The Climate Lesson From Our Burning Summer


Today marks the close of another Angry Summer for our sunburnt country. For the last three months south-eastern Australia has been battered by record-hot days, a slew of brutal heat-waves, and galling dry-spells — and all of this during cooling phase of the El Niño cycle.

We're also at the end of what's been a truly fearsome bushfire season.

It began early — shockingly early — in September, with 500 firefighters battling blazes in Western Sydney. By October, New South Wales was in a state-of-emergency. Hundreds of fires scorched the state and over 200 homes were lost.

In January fires ran out of control through the Grampians in Victoria, the Flinders Ranges in SA and the Hunter Valley in NSW. Just three weeks ago bushfire swept through the Adelaide Hills and took dozens of homes in Melbourne's outer northern suburbs. Fires are still burning at Hazelwood power station, covering the Latrobe Valley in dangerous smoke. It's been wave after wave after wave of fire and we could well be in for more before autumn truly kicks in.

It's plain to see that bushfires are becoming more and more frequent. Over the past few years there have been a dozen panels, inquiries, reviews and commissions put together to tell us how we can stop this happening again. They've come back to us with reports overflowing with recommendations on how to minimise the fire threat, from repairing the power grid to centralising emergency services to new insurance levies and public information schemes.

It's all important stuff, but each time we somehow manage to miss one of the biggest contributor to the fire risk in our corner of the country: fossil fuels.

Dodgy power lines and poorly planned suburbs undoubtedly play their part, but climate change is and will continue to be a key factor behind the severity of our bushfire seasons. Hot, dry conditions crank up the risk of fire like nothing else and the Climate Council's 2013 report on bushfires tells us south-east Australia has become much hotter and much drier over the last 30 years.

We're getting record-hot summers, more heat-waves, and more severe droughts. Each summer it turns Victoria, South Australia and New South Wales into so much kindling and means all that stands between us and catastrophe is a spark.

We've seen this play out. The Black Saturday fires were preceded by a decade-long drought, a string of record-hot years and a sweltering heatwave. The state-of-emergency in New South Wales came after the hottest September on record, days of extreme heat and unusually dry conditions. True, Australia has been hot and dry a long, long time. Fire is, as the Prime Minister suggests, a part of the Australian experience. But now that the climate is much hotter and much drier, conditions are worse than at any point in our history. If we continue burning fossil fuels and warming the climate, it’s only going to get worse.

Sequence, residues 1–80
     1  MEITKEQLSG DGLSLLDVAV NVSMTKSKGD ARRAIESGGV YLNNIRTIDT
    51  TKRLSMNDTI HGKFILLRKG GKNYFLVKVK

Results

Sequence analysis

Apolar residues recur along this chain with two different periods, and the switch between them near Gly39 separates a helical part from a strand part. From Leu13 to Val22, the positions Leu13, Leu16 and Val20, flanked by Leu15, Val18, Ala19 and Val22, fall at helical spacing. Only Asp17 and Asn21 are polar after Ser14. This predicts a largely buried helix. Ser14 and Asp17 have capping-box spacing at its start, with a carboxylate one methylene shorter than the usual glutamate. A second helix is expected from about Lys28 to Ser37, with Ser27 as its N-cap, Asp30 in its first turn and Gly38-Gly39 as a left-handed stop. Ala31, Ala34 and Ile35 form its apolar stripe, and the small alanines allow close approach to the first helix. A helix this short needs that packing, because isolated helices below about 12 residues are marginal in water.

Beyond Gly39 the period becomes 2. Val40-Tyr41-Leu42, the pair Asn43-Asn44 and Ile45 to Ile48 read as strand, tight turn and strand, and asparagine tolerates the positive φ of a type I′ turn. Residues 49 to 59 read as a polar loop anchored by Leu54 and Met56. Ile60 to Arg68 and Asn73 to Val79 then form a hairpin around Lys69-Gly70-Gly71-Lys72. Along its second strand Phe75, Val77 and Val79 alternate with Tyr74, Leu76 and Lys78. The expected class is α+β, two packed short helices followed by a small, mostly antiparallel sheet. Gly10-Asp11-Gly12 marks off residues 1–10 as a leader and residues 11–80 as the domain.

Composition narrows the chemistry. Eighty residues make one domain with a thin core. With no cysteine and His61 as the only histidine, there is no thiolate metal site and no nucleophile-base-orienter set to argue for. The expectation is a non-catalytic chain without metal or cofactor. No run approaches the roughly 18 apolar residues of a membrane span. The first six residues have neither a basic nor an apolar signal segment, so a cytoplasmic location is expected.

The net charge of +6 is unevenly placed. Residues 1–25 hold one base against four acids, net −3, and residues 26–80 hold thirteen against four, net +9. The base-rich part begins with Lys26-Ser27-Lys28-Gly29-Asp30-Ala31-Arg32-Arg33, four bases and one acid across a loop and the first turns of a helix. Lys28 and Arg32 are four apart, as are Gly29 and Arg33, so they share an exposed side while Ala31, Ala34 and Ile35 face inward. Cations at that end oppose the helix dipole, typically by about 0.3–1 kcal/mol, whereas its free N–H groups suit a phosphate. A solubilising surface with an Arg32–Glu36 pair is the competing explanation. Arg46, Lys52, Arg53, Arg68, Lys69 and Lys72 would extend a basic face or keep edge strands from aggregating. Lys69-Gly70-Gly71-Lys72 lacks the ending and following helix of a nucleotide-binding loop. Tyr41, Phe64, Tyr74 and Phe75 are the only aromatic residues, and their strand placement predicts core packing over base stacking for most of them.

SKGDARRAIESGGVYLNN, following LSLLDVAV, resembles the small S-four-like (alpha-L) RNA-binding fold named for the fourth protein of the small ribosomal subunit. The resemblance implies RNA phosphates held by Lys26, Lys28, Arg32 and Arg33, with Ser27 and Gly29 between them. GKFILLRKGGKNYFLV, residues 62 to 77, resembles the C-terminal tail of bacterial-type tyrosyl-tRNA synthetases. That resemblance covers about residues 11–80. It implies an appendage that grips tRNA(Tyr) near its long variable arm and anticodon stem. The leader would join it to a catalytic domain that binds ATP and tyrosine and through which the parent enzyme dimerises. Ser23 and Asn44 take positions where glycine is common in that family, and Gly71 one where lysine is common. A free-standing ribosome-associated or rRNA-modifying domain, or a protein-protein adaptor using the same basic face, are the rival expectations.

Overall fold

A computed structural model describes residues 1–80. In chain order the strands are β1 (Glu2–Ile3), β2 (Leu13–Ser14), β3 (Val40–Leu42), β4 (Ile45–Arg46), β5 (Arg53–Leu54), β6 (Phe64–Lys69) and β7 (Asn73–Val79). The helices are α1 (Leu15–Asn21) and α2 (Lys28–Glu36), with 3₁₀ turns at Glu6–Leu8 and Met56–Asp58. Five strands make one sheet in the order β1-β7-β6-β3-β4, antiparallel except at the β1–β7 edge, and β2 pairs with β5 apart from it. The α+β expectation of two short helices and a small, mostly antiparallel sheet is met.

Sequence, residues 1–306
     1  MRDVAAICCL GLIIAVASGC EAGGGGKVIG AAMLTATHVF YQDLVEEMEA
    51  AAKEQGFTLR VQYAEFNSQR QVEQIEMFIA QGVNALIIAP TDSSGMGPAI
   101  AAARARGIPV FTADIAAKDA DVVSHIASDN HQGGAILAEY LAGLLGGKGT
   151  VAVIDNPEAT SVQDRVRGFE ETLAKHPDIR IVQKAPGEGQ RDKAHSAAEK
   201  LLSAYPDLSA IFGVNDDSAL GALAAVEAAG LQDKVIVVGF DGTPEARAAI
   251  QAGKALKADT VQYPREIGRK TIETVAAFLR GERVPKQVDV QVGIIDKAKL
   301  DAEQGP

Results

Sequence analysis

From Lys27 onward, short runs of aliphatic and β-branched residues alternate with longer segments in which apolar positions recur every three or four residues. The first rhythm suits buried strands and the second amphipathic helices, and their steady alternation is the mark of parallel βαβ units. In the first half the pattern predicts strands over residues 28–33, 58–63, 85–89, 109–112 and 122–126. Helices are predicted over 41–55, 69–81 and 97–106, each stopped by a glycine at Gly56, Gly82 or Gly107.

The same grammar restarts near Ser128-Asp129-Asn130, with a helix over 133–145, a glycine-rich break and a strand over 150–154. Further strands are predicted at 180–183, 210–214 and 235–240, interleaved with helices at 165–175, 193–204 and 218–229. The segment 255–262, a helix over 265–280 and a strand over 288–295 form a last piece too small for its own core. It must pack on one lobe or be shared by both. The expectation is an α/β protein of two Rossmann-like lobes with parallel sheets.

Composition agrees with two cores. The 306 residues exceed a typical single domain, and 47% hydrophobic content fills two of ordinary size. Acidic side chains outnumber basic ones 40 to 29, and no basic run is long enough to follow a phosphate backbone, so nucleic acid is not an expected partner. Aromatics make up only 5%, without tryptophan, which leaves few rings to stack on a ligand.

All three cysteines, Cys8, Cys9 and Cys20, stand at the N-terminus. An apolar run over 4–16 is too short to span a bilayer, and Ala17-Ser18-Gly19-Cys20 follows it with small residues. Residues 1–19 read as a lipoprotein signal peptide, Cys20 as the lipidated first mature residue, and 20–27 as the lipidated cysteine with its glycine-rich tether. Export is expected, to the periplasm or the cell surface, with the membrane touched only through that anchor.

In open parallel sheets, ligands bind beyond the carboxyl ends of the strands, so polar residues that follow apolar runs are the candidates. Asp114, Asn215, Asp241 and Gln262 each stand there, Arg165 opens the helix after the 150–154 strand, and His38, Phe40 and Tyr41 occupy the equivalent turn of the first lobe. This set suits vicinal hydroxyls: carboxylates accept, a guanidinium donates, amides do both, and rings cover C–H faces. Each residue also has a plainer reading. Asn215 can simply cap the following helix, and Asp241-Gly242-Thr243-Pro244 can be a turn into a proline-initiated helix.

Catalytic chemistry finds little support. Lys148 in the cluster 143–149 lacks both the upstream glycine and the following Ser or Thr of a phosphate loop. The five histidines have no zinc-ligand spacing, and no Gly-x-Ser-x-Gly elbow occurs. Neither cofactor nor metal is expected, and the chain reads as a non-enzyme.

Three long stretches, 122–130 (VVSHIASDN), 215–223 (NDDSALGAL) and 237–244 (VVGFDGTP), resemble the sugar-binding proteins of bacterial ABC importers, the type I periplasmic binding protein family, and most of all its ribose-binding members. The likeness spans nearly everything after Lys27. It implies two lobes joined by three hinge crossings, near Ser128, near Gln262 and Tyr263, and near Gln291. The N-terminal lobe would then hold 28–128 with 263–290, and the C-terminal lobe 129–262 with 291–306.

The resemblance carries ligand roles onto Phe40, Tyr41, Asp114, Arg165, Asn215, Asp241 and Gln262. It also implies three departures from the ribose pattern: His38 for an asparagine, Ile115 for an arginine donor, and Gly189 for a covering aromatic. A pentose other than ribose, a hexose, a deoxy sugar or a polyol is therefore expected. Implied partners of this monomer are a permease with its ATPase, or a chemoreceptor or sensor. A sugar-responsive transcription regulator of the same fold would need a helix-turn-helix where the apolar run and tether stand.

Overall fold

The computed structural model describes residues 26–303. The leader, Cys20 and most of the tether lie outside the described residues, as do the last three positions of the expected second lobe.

We tend to frame climate change as a gradual process with vague and indirect impacts that will be spread across the globe and wont be felt for decades. And that's partly true. But the reality is that we're experiencing the impacts right here and right now. People in Australia, in Melbourne’s outer suburbs and Sydney’s west, in the Hunter Valley and the Flinders Ranges, places you’ve visited, places you’ve lived in or live in now – these people's lives are at risk and the danger grows every hour we continue burning and exporting fossil fuels.

Nothing will reduce the future fire risk more than quitting coal and gas. The Climate Council's final chapter of its bushfires report is clear as day on this: we need deep cuts in emissions, we need to keep the bulk of our fossil fuel deposits in the ground, and we need to act on this now. Not over the next few decades, but the next few years. According to the Climate Council, "this is the critical decade".

Quitting fossil fuels is not some vague environmental gesture, an act of charity for Mother Earth. It will save lives, the lives of our friends and the lives of our families. With that in mind, the cheap fuel we're digging up doesn't seem so cheap. In fact, it couldn't be more costly.

Tony Abbott was right when he quipped that carbon emissions are an invisible, odourless, weightless, tasteless substance. But unlike the the gases that drive it, climate change is as palpable as it gets; potent as the smell of smoke, visceral as the heat radiating from the fire front, and at times as powerful as a thousand atomic bombs.

Climate change is about people. It's about communities, it's about keeping our friends and family safe. We should be affording it the same urgency and dedication we show bushfires. After all, climate change is a hundred bushfires burning just around the corner.

Launched in 2004, New Matilda is one of Australia's oldest online independent publications. It's focus is on investigative journalism and analysis, with occasional smart arsery thrown in for reasons of sanity. New Matilda is owned and edited by Walkley Award and Human Rights Award winning journalist Chris Graham.